What is IR35 Payroll?

What is IR35 Payroll?

IR35 is a set of rules that were introduced by the government to prevent companies from avoiding payroll taxes by incorrectly classifying their contractors as self-employed.

Under IR35, workers who work through an intermediary are ‘deemed employees’ and their end clients must pay corresponding employment taxes on top of their fees.

What is IR35?

IR35 is the legislation that aims to crackdown on the tax avoidance tactics of many contractors who have set up a limited company structure. These people are referred to as ‘deemed employees’, and are subject to income tax and national insurance contributions (NICs).

In the public sector, the hirer or agency who pays you will work out whether you are inside or outside IR35 and deduct these taxes from your pay cheque each month. They also need to inform HMRC if they find you are inside IR35.

In the private sector, larger companies are responsible for working out IR35 status when they employ contractors, and must report their findings to HMRC. Larger companies that engage personal service companies, as well as any supply chain between the two parties will also need to consider IR35.

Defining IR35

If you are a contractor, freelancer or interim working in the private sector, it’s important to know whether you are inside or outside IR35. This will impact your future contractual work and the taxes you pay.

IR35 is a tax rule that was introduced in 2000 to distinguish genuine businesses from ‘disguised employees’. Basically, it’s an anti-tax avoidance rule designed to stop companies from using contractors or freelancers to avoid paying higher rates of income tax and National Insurance Contributions (NICs).

The key factor that determines whether you are inside or outside IR35 is if you have control over your work. This means that you have a say on what, when and where you complete your assignments.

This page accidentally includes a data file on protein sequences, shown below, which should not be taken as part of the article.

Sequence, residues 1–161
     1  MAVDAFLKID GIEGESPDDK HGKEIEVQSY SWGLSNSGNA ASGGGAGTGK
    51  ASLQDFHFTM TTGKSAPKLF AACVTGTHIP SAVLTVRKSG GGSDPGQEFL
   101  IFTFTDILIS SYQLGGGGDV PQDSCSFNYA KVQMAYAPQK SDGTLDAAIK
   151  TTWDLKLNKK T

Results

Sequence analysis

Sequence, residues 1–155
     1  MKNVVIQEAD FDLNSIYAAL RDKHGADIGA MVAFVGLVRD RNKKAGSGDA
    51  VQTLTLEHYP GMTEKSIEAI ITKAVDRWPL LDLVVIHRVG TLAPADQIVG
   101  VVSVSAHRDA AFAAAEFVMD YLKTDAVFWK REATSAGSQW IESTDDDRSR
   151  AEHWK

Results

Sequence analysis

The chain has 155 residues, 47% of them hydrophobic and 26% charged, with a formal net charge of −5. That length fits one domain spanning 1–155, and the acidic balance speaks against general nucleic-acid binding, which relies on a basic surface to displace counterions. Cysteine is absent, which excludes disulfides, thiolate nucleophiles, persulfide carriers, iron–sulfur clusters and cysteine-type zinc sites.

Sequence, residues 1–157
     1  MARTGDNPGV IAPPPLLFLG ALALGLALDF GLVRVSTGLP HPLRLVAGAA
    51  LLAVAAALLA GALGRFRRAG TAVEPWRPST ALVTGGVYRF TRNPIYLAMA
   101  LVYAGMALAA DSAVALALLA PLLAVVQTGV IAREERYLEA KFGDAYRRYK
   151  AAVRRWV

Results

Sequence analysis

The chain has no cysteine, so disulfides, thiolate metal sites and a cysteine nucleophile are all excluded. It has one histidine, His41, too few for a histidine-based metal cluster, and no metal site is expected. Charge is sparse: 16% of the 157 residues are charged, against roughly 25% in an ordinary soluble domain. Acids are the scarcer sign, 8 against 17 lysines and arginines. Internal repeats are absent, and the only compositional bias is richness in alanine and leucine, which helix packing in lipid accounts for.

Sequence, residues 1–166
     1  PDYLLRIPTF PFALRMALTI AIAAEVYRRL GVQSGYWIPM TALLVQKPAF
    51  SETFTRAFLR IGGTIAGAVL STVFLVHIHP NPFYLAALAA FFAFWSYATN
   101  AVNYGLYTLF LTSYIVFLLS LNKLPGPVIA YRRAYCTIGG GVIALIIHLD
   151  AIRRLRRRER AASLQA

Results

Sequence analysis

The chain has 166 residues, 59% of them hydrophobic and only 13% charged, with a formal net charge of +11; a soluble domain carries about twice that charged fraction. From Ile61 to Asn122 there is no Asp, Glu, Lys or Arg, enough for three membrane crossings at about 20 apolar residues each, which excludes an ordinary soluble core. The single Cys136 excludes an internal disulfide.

If you are a contractor, you will need to ensure that your contract is clear on this. It should also include a clause that allows you to send someone else in to complete the work if and when required.

Determining IR35 Status

IR35 status is determined using a number of key tests to paint a picture of employment or self-employment. These tests determine whether you are operating like a business providing services to a client, or as a worker who provides services in return for payment.

If you are assessed to be inside IR35 then the fee-payer (usually your end client) must deduct employment taxes and National Insurance Contributions from your earnings before paying them to you, and pay Employer NI on top of this.

In practice, this means that the contractor will be taxed at the same rate as a full employee in the same tax bracket. The company will also be required to make appropriate deductions from the contract income and remit them to HMRC along with the Employer’s NI and Apprenticeship Levy, if applicable.

The best way to ensure you are IR35 compliant is to have professionally drawn up IR35-friendly contracts and have your working practices mirrored in the contract you have with your end client. A well-drafted, professional contract should contain a clause giving you the right to send someone else in your place if your health or safety would be affected by the work being carried out.

Managing IR35

IR35 is one of the most widely discussed anti-avoidance tax legislation in the UK, and the debate over its effects has never been more intense. As of April 2021, businesses classed as a medium or large client are responsible for working out their contractors’ IR35 status and determining who is liable to pay tax on their earnings.

As a result, it is essential to ensure that all parties involved in a contract review each engagement carefully for IR35 status. This includes assessing each written term and also their working practices.

If a contractor is inside IR35, whoever pays them will have to deduct income and NICs from their pay cheques and make sure they report this to HMRC. If a contractor is outside IR35, they will not be liable to pay these taxes, but it is still important that their clients show reasonable care when evaluating the status of each individual contractor.

A client will need to have a ‘Status Determination Statement’ in place for each individual contractor they engage with and the contractor must sign this at the start of each engagement. The SDS must contain all pertinent information on IR35 status and demonstrate the care taken by both parties in determining the IR35 status of each worker.






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